“If you don’t document it, it didn’t happen.” These words from Mark McCurdy, RPh, pharmacist and owner of Mark’s Pharmacy in Cambridge, Nebraska, shine a light on an ongoing issue in the pharmacy industry today: reimbursement for clinical care. McCurdy’s answer to this problem? Care plans.
As a CPESN Luminary, McCurdy has been recognized as an expert and industry leader on pharmacy care plans. During a recent webinar titled, “Care Planning: Keys to Thriving and Surviving,” he made a case for independent pharmacies to start embracing care plans. “This is the way pharmacy will be practiced in the future,” said McCurdy. “We’re going there.”
Care plans are the future, and the future is now.
Care Planning 101: Why Care Plans Are Important & How They Help
With the increased attention and emphasis placed on patient outcomes, having a plan in place to monitor and assess your patients’ progress is a no-brainer. Let’s take a closer look at care plans:
What Are Care Plans?
First things first. A care plan is a plan developed by a healthcare professional (in our case, a pharmacist) that lays out a strategy for achieving a patient goal. That goal could be any number of things — anything from minor weight loss to lowering blood pressure to treatment for chronic diseases like Crohn’s or Hashimoto’s disease. Care plans also make communication and coordination between all the members of the patient’s healthcare team much easier. If everyone knows the plan and everyone’s working from the same playbook, patient outcomes not only improve — they skyrocket.
Electronic care plans, or eCare plans, are exactly what they sound like: electronic versions of a care plan that can easily be shared between a patient’s healthcare providers. Many pharmacy software providers currently offer eCare plans as part of their services.
What Goes Into a Care Plan?
Since care plans focus on a particular patient goal, no two care plans should be exactly alike. Each care plan will include information specific to that patient as well as their specific treatment plan. However, there are some things that all care plans should contain. These include:
- Adverse reactions to medication
- Allergies to medication
- Dosing and dosing changes
- Medication & disease education
- Medication reconciliation
- Medication therapy problems
- Medication history (including prescription refill history)
- Any lab results
When filling out a care plan, there’s one thing you need to remember: As a document, it’s fluid. It’s subject to change, and it will change. You’re going to want to document everything, but you know as well as we do that you simply won’t have time. And that’s okay. Make changes as they become relevant. Record the necessities, and fill in other details when you have time. It’s better to do a little bit consistently than trying to do too much, growing frustrated, and giving up on the whole idea.
How Care Plans Help Your Patients
As a business whose customers are more than just customers, a pharmacist never makes a decision about their pharmacy without considering its impact on their patients. In this situation, there’s no downside. When pharmacists use care plans with their patients, those patients get the kind of personalized care they’ve always wanted. Often when they go to a doctor, they sign in at the front desk, take a seat, and wait for their name to be called. Once they do actually get back to an exam room, they re-explain the same issues they explained six months ago to both the nurse and doctor.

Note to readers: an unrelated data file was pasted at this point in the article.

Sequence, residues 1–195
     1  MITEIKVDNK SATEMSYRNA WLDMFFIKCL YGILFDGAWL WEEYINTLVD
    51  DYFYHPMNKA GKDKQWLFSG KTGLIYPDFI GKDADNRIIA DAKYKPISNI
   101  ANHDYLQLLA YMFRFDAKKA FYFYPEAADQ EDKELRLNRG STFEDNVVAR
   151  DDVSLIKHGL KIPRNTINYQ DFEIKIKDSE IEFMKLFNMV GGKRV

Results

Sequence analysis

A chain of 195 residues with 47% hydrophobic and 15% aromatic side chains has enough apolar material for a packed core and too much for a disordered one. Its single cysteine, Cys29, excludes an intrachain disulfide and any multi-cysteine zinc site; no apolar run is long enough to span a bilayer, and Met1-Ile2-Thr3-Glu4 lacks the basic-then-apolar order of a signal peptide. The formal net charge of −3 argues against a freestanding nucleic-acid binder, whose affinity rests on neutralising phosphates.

That doesn’t happen at a pharmacy.
When that patient walks into their pharmacy for the second or third time that month (or more, as typical patients see their pharmacist upwards of 35 times per year), they are greeted by name. They see the pharmacist when they walk up to the counter, and they don’t have to take a number or have a seat. Personalized care like that is what keeps patients coming back. And the more they choose their pharmacy over their physician, the better you will get at providing their care. Honestly, it’s a win-win.
How Care Plans Help Your Pharmacy
Care plans aren’t just good for your patients; they’re beneficial to your pharmacy as well. Care plans provide proof to payers that your pharmacy is doing more than dispensing. If you document the care you provide to your patients, you can get reimbursed for that care. And the more pharmacies that provide well-documented clinical care services, the more payers will have to consider pharmacists as healthcare providers. Care plans can help you open up a new, reliable revenue stream for your store and put you closer to becoming a true New Era Pharmacy.
Pharmacies also benefit from the streamlined communication and coordination between you and your patients’ other healthcare providers. Taking care of your patient is much easier when everyone is (in this case, literally) on the same page.
With the emphasis placed on value-based care (and compensation), using care plans in your pharmacy simply makes sense. Implementing them means more than helping just your patients; you’re helping the entire pharmacy industry.
For payers, care plans prove the value of the care you provide. For patients, care plans offer the personalized healthcare they’ve always wanted. For you, care plans are your ticket to better outcomes — both for your patient and your pharmacy.